The chronology of Lake Ontario sediment contamination by mirex and its subsequent redistribution illustrates the large-scale spatial and temporal changes that can be expected for a persistent organic contaminant. An investigation by Thomas and Frank (1987) indicated two sources of mirex to the lake. The Niagara River was the major source, which had resulted from loss during the manufacturing process; and the second source was from the Oswego River, which came from a spill to the river in the mid 1950s. Mirex from the Niagara River entered the lake and moved to the northwest, settling in the deep basin. A larger portion of the contaminated sediment was transported by a major circulation process and carried along the south shore. The size of the contaminated area of the surficial sediment continued to increase, even though production was discontinued in 1976. Changes in the distribution of mirex in the eastern basin are thought to have resulted from the transfer of sediment-bound mirex, since there was no additional source input in this area. The expanded distribution and increased concentrations that subsequently were observed between 1968 and 1977 could only be due to intermittent remobilization processes of Oswego River material. This phenomenon led to increased open lake contamination and far field contamination of the St. Lawrence River (Thomas and Frank 1987).

Another example of large-scale spatial and temporal changes in sediment contamination is the Saginaw River/Saginaw Bay, Lake Huron. Saginaw River is the major tributary to the Bay. During the 1960s, 1970s, and early 1980s, between 27 and 54 tonnes of PCBs were released from a General Motors Plant in Bay City, Michigan and found in and on the land adjacent to the Saginaw River (International Joint Commission 1987b). During 1986, a once-in-500 year flood occurred. This flood occurred in September 1986 and resulted from a rainfall of up to 30 cm over 36 hours in some areas of the watershed, followed by another 8-18 cm during the remaining 19 days of the month. This once-in-500 year flood resulted in considerable movement of PCB and other contaminated sediment throughout the watershed and Bay (Michigan Department of Natural Resources 1988).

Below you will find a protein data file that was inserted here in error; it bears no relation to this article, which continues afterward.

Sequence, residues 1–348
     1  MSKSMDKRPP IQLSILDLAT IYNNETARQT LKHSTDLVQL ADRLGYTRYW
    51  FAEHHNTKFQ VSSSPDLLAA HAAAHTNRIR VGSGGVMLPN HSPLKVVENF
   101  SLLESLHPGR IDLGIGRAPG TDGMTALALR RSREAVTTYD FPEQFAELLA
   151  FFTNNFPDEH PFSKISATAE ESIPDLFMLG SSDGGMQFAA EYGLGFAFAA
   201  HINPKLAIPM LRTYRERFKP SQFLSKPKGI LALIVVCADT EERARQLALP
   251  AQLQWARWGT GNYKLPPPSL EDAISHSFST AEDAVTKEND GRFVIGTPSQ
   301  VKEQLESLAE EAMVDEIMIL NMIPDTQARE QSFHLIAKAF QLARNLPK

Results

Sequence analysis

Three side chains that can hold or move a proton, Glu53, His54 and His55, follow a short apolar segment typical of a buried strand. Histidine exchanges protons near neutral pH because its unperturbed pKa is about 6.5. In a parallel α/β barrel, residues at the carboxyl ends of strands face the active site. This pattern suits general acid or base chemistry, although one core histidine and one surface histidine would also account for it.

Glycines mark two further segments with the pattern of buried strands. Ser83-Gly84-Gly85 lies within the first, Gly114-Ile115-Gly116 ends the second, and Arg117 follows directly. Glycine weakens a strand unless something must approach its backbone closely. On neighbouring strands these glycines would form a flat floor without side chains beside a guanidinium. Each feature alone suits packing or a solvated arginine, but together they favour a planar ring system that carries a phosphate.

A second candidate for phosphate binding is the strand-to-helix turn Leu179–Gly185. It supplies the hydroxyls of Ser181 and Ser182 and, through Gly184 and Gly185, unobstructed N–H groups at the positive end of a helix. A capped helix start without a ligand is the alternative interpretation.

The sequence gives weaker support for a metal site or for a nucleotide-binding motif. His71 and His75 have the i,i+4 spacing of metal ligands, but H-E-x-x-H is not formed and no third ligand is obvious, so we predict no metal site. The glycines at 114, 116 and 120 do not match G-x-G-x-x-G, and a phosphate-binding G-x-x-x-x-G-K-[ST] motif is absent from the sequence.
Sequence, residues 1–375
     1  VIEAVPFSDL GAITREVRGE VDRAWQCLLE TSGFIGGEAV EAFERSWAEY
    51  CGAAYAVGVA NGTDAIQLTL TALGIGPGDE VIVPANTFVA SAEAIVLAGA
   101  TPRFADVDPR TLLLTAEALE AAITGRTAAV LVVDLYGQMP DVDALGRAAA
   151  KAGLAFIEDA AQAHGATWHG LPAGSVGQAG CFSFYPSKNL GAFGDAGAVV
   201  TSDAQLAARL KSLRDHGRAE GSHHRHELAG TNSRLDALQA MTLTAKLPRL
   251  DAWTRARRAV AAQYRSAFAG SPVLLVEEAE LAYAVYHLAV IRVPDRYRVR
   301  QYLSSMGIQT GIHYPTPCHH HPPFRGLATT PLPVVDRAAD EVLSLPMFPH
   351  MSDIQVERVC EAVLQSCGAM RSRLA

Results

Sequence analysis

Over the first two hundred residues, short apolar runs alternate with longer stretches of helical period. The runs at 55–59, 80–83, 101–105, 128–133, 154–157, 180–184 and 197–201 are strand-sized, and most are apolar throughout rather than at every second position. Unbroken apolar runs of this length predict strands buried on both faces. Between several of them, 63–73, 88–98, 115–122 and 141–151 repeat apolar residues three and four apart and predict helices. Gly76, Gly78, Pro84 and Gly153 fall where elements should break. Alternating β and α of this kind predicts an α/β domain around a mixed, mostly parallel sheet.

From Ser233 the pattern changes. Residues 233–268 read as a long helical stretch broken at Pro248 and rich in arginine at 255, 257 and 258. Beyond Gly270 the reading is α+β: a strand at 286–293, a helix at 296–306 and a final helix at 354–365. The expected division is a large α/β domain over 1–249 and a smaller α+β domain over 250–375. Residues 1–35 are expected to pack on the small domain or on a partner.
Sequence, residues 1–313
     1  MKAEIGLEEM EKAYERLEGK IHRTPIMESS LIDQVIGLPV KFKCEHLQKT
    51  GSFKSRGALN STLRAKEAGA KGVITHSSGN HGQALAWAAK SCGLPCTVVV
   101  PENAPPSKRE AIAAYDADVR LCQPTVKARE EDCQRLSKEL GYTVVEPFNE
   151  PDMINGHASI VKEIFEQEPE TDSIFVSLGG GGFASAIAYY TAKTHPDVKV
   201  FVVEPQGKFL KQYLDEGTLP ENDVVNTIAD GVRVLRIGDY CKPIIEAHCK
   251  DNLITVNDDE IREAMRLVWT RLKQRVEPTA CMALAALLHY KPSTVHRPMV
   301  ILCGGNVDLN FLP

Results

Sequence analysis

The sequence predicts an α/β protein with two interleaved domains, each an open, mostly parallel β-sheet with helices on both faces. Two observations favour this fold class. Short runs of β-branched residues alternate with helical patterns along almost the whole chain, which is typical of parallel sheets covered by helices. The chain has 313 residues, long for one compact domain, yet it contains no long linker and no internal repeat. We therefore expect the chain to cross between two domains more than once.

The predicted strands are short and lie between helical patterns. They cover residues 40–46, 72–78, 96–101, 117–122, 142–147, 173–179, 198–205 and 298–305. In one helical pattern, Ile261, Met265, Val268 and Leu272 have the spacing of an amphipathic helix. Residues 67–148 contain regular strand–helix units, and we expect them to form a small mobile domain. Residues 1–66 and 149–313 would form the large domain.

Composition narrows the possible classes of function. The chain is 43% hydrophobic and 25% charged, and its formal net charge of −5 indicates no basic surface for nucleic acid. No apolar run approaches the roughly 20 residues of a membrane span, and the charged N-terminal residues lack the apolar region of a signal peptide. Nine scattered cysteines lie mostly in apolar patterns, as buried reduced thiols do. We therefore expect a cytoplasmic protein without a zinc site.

The examples of mirex in Lake Ontario and PCBs in the Saginaw River/Bay demonstrate that local nearshore contamination is unstable and remobilization by physical, chemical, or biological processes will result in the transfer of an apparently local problem into lakewide contamination. Therefore, the time for positive action is when contaminated sediment is localized, since once the sediment disperses to the open lake, the resolution of the problem becomes very much more complex (Reynoldson et al. 1988).

Sediment contaminated with metals, persistent toxic organics, nutrients, and oxygen demanding substances can be found in many areas throughout the Great Lakes. However, the highest levels of sediment-associated contaminants and some of the worst manifestations of their resultant problems are found in the urban-industrial harbors, embayments, and river mouths. These are the areas that are likely the most significant, from an ecological point of view. These nearshore areas represent the spawning and nursery sites for most fish species, the nesting and feeding areas for most of the aquatic avian fauna, the areas of highest biological productivity, the areas of greatest human contact, and the primary places of direct human contact with the sediment.